Deadly Swamp Cancer That Eats Away at Animal Flesh Detected in Chincoteague Pony

A Chincoteague pony has been diagnosed with the potentially deadly disease known as "swamp cancer."

The foal is among the famed wild horses living at the Chincoteague National Wildlife Refuge on the Virginia side of Assateague Island. Chincoteague Volunteer Fire Company, which looks after the herd, wrote on its Facebook page on Monday that a foal named Katet had contracted "the dreaded 'swamp cancer.'"

Officially called pythiosis, the disease is caused by the fungus-like germ Pythium insidiosum that infects plants, mammals and birds. In horses, it mostly triggers skin lesions, usually on the parts of the body that come in contact with Pythium insidiosum-contaminated water, like the legs, abdomen, and chest. Images of the lesions show pink, raw-looking patches of skin that look as if they have been eaten away by an infection. A cut as small as a mosquito bite can allow the bug to enter a horse's body. Treatment can include surgery to cut out affected tissue, as well as chemotherapy, and immunotherapy, which harnesses the immune system to fight disease.

Assateague Island, Chincoteague pony, hoses, getty, stock
A group of wild ponies pictured on the Maryland side of Assateague Island. A Chincoteague pony has been diagnosed with swamp cancer. Getty

Destiny, 18, gave birth to Katet this year. reported. Katet is a bay tobiano, meaning she has three different coat colors.

The foal cut her leg early last month, according to a Facebook post by Chincoteague Volunteer Fire Company. At the time there were no signs that she had pythiosis, but a tissue sample was sent to a lab in Oklahoma for tests. At that time, she was given immunotherapy injections as a precaution, like every pony to be cut since 2018. The pony's keepers first noticed the strange disease affecting the herd more than three years ago.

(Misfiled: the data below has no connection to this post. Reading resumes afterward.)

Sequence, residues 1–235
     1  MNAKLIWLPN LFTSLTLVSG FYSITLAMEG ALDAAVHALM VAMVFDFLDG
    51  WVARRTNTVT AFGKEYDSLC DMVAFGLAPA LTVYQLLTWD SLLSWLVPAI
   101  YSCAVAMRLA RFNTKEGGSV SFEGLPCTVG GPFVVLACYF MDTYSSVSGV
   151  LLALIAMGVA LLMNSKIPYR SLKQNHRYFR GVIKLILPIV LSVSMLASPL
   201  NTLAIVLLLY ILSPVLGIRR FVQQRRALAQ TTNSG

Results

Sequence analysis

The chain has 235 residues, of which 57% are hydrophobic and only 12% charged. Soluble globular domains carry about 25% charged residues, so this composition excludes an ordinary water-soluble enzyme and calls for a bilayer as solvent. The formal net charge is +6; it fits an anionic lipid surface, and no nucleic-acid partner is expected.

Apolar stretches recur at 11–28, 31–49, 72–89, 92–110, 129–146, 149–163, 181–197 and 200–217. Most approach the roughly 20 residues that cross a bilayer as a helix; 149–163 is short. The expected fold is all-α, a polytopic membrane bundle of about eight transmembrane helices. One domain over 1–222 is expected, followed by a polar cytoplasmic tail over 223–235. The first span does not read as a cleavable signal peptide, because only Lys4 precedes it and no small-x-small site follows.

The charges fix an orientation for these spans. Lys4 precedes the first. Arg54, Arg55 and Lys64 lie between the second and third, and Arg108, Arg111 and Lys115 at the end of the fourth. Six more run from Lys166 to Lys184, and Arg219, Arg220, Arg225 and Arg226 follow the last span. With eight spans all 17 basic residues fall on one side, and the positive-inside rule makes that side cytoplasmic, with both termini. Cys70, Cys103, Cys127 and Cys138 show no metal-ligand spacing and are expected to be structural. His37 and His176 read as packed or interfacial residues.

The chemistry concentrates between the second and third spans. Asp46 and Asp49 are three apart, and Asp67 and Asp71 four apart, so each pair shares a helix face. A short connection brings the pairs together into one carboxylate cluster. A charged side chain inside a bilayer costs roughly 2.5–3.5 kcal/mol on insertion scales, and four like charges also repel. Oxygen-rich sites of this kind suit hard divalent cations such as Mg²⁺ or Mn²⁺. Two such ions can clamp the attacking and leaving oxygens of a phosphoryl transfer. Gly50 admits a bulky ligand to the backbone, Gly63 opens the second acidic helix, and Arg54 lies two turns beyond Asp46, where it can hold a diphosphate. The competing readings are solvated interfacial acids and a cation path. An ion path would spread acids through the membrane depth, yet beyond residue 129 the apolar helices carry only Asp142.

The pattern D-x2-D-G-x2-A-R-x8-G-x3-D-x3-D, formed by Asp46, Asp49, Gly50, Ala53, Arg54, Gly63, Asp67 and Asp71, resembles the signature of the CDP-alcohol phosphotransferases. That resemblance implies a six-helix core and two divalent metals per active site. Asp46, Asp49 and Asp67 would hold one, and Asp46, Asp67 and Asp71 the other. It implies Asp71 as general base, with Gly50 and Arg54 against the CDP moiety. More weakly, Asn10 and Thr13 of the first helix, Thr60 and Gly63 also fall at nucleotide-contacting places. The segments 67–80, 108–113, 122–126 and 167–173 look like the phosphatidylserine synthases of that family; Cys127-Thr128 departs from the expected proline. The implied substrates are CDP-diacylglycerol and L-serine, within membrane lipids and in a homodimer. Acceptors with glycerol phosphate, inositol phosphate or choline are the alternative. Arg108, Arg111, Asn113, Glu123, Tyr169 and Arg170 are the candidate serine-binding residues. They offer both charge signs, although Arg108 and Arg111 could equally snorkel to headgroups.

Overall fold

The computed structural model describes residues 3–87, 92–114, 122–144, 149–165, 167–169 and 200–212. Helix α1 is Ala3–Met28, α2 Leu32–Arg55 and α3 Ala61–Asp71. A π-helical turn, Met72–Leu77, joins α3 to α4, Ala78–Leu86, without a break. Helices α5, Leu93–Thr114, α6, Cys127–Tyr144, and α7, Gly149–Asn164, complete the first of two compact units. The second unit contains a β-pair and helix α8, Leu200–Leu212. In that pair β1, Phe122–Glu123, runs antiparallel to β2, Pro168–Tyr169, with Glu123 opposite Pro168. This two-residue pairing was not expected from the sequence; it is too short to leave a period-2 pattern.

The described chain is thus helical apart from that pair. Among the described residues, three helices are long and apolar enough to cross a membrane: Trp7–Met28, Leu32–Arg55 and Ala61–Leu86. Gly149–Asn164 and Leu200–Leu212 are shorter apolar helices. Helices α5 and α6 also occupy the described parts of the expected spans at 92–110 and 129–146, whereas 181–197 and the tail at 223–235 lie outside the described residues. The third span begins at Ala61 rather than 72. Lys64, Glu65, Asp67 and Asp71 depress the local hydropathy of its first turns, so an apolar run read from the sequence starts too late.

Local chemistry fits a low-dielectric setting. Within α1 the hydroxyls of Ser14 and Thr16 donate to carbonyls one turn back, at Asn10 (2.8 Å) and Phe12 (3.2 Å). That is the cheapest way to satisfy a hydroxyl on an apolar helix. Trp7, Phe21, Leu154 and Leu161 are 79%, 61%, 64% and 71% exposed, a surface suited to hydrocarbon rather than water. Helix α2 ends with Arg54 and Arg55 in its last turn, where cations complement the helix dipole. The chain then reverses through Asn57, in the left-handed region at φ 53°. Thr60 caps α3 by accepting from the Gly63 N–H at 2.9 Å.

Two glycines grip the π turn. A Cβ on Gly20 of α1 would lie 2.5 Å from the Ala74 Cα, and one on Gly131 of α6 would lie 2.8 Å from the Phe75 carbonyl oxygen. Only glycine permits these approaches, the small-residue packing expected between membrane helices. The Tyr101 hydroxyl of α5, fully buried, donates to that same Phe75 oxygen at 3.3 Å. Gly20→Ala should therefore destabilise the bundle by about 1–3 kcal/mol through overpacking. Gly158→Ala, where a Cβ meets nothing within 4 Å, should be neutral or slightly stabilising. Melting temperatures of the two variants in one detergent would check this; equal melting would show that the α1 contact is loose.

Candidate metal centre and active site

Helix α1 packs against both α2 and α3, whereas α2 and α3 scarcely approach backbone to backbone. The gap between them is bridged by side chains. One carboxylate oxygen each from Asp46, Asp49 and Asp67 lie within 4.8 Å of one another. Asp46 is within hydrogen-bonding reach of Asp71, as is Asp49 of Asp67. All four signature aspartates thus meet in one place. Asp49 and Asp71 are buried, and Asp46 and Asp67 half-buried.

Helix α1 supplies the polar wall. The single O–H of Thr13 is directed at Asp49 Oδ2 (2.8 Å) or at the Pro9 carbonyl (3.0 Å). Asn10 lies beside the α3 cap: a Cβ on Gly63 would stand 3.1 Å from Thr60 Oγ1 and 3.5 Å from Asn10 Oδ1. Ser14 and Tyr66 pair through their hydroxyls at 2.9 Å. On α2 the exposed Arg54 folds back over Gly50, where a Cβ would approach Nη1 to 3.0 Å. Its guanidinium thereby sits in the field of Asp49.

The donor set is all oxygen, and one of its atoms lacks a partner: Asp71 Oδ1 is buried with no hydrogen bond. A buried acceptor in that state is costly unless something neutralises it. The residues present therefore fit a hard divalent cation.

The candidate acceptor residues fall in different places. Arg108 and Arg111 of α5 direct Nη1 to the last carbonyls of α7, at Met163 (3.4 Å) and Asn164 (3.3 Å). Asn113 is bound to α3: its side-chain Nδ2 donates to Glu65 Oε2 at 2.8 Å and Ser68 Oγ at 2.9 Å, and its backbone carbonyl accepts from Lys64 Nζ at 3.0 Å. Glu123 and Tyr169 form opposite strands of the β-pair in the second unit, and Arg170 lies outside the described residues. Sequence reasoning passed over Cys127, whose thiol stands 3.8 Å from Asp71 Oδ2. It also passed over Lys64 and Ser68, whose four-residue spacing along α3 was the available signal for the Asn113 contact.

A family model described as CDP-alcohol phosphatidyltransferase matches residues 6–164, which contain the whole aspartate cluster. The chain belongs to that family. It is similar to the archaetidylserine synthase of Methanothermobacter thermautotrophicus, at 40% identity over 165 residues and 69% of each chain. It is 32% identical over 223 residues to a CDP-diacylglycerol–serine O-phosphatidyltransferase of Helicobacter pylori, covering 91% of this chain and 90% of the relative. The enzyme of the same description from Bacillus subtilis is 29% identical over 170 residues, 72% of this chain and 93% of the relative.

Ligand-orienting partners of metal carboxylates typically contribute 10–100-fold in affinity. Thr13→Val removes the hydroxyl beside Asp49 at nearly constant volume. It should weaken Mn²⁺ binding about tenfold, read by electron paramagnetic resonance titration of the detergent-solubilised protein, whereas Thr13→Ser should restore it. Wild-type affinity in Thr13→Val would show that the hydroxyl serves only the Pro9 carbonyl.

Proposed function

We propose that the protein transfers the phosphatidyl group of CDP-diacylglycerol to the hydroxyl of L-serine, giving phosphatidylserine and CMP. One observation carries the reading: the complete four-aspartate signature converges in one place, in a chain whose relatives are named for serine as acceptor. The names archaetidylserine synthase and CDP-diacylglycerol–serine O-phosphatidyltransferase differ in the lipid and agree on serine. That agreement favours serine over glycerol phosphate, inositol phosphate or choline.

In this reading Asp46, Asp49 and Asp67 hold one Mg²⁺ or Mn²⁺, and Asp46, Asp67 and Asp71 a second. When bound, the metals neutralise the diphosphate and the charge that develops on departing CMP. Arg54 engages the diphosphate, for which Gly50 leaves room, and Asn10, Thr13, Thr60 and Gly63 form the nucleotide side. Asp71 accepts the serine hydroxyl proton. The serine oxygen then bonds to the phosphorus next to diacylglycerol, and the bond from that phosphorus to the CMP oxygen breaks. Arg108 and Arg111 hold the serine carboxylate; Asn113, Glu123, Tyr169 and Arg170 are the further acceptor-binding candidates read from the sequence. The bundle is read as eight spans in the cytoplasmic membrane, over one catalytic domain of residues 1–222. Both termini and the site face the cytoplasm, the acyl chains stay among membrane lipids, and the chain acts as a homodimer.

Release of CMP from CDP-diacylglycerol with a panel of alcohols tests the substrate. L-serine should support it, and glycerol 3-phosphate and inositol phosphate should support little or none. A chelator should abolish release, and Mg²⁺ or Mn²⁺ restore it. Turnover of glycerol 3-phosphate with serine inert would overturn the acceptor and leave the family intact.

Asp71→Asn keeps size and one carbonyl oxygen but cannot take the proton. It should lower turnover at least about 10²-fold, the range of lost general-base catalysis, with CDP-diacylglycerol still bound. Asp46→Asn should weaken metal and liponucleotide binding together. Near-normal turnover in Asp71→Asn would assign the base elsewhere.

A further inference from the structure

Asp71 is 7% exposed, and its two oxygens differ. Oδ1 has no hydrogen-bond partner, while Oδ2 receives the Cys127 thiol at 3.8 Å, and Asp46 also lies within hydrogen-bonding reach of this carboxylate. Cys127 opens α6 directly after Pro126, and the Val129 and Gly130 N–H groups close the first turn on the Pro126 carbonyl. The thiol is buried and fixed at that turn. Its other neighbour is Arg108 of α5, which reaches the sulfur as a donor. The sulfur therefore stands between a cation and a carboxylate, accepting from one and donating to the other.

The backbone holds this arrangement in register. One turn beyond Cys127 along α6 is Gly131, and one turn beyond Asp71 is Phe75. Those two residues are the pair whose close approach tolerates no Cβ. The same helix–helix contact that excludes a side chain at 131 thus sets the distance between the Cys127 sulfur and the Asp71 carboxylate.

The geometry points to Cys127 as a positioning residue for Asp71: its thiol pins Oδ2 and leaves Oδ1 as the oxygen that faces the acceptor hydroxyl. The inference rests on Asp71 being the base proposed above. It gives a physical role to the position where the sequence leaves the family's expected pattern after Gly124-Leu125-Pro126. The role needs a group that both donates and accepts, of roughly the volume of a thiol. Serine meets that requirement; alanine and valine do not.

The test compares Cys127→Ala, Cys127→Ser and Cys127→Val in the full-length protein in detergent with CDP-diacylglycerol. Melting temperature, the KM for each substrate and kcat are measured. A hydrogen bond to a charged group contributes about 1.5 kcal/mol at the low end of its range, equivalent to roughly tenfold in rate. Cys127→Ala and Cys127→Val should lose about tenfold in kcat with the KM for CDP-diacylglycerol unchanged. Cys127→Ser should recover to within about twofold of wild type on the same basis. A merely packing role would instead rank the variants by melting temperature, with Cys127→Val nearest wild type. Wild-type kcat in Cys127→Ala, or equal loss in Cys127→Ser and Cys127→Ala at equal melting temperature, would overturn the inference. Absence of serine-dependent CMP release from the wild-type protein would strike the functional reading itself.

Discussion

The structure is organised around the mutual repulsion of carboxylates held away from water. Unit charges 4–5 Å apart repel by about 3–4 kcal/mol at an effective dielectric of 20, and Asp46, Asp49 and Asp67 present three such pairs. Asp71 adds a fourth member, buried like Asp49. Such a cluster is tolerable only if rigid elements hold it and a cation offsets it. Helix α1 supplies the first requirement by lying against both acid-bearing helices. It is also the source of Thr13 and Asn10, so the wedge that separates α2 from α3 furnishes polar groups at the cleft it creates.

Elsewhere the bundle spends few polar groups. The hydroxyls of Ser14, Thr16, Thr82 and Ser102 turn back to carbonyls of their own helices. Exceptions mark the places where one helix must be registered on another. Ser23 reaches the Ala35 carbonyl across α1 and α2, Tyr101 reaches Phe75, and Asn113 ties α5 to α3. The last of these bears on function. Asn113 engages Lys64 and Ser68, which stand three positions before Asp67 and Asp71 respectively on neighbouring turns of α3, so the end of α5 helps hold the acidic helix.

Katet is still receiving immunotherapy, and the fire company said it is taking the situation day by day. She is limping but doctors were encouraged by her condition.

Last year, the fire department started giving the ponies an experimental vaccine to protect them from the disease. A spring health check at the time showed the 148 ponies and 12 foals were free of swamp cancer. Richard Hansen, a research veterinarian whose company developed the vaccine, told The Washington Post he was "cautiously optimistic" the vaccine was working.

The fire company said Katet was not vaccinated against the disease due to her age, but has been since. "We are praying for a good outcome," it wrote on Facebook.

The mother and foal are buyback horses, meaning that they are auctioned on the understanding that they will be donated back to the Fire Company to replenish the herd of around 150 adults.